“The government’s guidelines make it absolutely clear that the remit of local councils covers the surface impact of the operations including matters such as noise, visual impact and traffic movements. All of our surface work was covered by our planning permission. We work with our local council on many important surface issues that rely on their expertise and requirements.

“The sidetrack that has been drilled doesn’t fall within these circumstances and doesn’t need planning permission according to SCC’s own criteria.

“Despite having every opportunity at a number of meetings and in extensive correspondence, SCC has not identified any way in which the sidetrack causes any planning harm.”

In response to a TV news report on BBC London on 9 March, the company said:

“We believe this report was deeply flawed. It violated BBC’s own editorial guidelines. We will have more to say on this after we file our complaint with the BBC Director General and OFCOM.”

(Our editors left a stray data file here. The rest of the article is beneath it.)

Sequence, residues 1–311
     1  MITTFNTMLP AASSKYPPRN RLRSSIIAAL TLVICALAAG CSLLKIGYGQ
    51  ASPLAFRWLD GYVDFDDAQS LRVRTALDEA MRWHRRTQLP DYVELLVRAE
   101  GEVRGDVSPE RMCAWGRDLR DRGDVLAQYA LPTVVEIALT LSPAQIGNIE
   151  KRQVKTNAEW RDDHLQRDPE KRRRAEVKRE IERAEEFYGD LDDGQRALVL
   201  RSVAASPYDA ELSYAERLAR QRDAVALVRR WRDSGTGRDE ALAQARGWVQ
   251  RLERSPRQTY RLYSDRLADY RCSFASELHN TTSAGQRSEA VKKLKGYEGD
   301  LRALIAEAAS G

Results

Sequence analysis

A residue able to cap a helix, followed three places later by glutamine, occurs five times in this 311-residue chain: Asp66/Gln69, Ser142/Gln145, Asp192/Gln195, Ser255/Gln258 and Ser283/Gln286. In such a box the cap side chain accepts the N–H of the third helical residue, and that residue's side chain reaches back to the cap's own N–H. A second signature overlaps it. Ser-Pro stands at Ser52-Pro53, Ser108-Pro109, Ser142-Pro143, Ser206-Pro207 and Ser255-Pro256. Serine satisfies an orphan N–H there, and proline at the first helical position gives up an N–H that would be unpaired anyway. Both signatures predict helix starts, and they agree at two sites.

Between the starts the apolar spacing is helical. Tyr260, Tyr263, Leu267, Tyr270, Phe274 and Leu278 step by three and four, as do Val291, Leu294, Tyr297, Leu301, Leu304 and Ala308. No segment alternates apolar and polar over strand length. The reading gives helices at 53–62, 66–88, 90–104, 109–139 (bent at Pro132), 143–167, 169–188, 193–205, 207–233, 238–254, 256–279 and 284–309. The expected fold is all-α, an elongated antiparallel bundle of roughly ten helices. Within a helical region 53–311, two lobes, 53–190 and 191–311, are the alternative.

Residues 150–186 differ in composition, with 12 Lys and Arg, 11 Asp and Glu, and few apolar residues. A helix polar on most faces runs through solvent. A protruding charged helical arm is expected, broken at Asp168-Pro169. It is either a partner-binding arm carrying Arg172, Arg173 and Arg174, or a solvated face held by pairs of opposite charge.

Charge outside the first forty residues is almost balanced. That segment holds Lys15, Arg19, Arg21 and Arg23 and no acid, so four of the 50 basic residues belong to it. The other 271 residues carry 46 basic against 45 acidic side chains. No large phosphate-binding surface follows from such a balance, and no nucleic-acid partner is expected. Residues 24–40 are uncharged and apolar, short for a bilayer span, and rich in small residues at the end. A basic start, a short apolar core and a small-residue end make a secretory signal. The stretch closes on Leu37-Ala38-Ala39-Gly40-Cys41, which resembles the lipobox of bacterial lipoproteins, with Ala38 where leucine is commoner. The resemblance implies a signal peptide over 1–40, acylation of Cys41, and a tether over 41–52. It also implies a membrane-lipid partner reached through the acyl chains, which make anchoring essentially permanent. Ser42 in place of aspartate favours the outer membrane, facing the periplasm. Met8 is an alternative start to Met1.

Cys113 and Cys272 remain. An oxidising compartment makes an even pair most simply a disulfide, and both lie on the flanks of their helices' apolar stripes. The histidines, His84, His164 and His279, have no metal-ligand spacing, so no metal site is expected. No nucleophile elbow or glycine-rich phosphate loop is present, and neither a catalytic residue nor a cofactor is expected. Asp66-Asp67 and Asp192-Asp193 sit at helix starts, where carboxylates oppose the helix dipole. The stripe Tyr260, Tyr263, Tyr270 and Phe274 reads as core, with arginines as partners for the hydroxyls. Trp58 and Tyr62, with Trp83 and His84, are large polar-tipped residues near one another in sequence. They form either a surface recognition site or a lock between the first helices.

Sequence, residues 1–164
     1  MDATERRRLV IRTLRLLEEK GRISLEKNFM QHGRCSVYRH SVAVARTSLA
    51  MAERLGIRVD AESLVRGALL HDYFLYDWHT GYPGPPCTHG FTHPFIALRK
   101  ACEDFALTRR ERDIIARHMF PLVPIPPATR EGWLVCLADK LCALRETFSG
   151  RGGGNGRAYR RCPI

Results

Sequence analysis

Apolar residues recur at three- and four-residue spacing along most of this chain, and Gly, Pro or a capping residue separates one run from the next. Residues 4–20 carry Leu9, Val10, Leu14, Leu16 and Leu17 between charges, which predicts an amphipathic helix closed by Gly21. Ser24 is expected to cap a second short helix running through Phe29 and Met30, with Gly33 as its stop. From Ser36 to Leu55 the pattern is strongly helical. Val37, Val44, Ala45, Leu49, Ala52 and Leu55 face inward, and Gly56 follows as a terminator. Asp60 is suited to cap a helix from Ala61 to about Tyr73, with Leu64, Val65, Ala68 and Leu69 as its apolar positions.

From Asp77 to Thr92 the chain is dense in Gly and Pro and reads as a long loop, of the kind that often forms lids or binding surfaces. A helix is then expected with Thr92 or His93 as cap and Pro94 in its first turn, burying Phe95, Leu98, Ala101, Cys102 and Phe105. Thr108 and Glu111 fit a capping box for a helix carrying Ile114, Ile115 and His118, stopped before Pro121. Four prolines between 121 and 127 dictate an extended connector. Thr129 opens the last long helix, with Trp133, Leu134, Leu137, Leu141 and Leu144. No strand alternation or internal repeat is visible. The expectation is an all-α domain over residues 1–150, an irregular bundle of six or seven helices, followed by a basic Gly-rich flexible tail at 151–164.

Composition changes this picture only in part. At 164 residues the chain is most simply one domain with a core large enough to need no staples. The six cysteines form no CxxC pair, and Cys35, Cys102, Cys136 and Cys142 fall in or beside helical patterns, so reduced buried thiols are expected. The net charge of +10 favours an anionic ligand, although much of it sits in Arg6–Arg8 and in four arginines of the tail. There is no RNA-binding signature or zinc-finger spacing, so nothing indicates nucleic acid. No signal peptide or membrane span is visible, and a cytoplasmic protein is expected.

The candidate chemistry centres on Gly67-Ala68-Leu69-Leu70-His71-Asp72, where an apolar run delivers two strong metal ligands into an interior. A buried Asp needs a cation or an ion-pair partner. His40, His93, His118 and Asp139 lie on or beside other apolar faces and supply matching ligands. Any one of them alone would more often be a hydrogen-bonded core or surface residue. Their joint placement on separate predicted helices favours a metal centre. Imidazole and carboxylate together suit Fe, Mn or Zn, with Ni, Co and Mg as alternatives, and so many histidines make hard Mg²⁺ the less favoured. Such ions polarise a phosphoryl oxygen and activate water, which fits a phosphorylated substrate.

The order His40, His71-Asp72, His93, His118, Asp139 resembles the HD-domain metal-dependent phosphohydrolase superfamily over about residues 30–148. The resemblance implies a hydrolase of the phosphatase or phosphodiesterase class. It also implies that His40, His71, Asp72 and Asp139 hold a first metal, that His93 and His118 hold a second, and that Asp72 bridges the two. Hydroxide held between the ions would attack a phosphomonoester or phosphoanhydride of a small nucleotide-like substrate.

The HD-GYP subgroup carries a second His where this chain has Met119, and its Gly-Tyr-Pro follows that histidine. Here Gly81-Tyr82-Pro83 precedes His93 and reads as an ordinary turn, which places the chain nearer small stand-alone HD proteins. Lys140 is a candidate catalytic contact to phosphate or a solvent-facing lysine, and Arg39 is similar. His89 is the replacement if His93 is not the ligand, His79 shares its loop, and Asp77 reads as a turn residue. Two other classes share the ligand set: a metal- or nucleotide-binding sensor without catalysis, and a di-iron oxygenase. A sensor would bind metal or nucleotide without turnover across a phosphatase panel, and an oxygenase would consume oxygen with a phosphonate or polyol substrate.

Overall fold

DrillOrDrop has invited Angus Energy to respond to statements by Surrey County Council and the references in the FOI correspondence on planning consent. It has not replied. Today we asked the company for an interview. We will update with any response.

14 replies »

  1. A wasted effort when pragmatically this tiny oil 30 yr old well would continue to be better than imported oil for the environment, economy and human rights. The maintenance work has ensured it is kept in good condition.

  2. Identifying the actual issues seems to be escaping us here, it seems that county council planning regulations only apply to the surface activity, how is the subsurface activity regulated, and by what regulatory body, and why has there been no comment on this activity from such an agency? What planning and operating regulatory permission is required below ground? Has any such regulatory requirement been applied for?
    Also the abandonment bond only covers above ground work, what body regulates abandonment procedures below ground, who measures and monitors operations below ground, records accidents, mistakes, non conformity to procedures and who pays for reparation and reinstatement to a condition prior to the operation?

    • Phil